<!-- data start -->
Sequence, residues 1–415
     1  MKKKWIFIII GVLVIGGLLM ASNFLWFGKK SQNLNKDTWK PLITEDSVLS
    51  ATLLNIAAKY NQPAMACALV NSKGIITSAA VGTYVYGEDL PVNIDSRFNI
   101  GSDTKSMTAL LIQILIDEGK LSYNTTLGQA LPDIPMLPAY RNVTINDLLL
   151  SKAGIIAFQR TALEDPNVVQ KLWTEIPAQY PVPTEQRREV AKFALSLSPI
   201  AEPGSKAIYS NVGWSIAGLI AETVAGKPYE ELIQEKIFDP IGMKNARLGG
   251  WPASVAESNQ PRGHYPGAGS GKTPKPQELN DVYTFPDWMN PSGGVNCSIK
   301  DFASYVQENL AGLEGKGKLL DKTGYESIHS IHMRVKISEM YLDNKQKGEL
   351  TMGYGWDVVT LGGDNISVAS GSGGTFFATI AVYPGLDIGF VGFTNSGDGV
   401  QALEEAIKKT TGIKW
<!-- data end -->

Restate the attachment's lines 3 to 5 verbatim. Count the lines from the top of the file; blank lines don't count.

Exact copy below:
    51  ATLLNIAAKY NQPAMACALV NSKGIITSAA VGTYVYGEDL PVNIDSRFNI
   101  GSDTKSMTAL LIQILIDEGK LSYNTTLGQA LPDIPMLPAY RNVTINDLLL
   151  SKAGIIAFQR TALEDPNVVQ KLWTEIPAQY PVPTEQRREV AKFALSLSPI